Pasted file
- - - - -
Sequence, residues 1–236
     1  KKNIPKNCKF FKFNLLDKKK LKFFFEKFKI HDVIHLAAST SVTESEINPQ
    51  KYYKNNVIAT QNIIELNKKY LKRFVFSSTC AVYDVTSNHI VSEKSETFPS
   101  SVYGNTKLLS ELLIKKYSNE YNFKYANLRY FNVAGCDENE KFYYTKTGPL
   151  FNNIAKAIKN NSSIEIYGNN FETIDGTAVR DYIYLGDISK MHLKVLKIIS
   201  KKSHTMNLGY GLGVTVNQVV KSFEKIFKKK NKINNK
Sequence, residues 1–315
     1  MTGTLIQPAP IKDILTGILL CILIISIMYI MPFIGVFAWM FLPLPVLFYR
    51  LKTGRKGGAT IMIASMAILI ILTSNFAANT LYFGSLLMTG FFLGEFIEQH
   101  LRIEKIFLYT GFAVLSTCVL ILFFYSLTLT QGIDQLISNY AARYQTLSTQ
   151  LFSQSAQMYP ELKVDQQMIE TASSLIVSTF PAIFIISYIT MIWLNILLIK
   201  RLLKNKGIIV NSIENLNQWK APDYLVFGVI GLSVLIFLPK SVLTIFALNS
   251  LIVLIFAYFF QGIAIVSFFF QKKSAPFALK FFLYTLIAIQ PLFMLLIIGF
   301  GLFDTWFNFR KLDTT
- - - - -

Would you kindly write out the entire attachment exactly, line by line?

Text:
Sequence, residues 1–236
     1  KKNIPKNCKF FKFNLLDKKK LKFFFEKFKI HDVIHLAAST SVTESEINPQ
    51  KYYKNNVIAT QNIIELNKKY LKRFVFSSTC AVYDVTSNHI VSEKSETFPS
   101  SVYGNTKLLS ELLIKKYSNE YNFKYANLRY FNVAGCDENE KFYYTKTGPL
   151  FNNIAKAIKN NSSIEIYGNN FETIDGTAVR DYIYLGDISK MHLKVLKIIS
   201  KKSHTMNLGY GLGVTVNQVV KSFEKIFKKK NKINNK
Sequence, residues 1–315
     1  MTGTLIQPAP IKDILTGILL CILIISIMYI MPFIGVFAWM FLPLPVLFYR
    51  LKTGRKGGAT IMIASMAILI ILTSNFAANT LYFGSLLMTG FFLGEFIEQH
   101  LRIEKIFLYT GFAVLSTCVL ILFFYSLTLT QGIDQLISNY AARYQTLSTQ
   151  LFSQSAQMYP ELKVDQQMIE TASSLIVSTF PAIFIISYIT MIWLNILLIK
   201  RLLKNKGIIV NSIENLNQWK APDYLVFGVI GLSVLIFLPK SVLTIFALNS
   251  LIVLIFAYFF QGIAIVSFFF QKKSAPFALK FFLYTLIAIQ PLFMLLIIGF
   301  GLFDTWFNFR KLDTT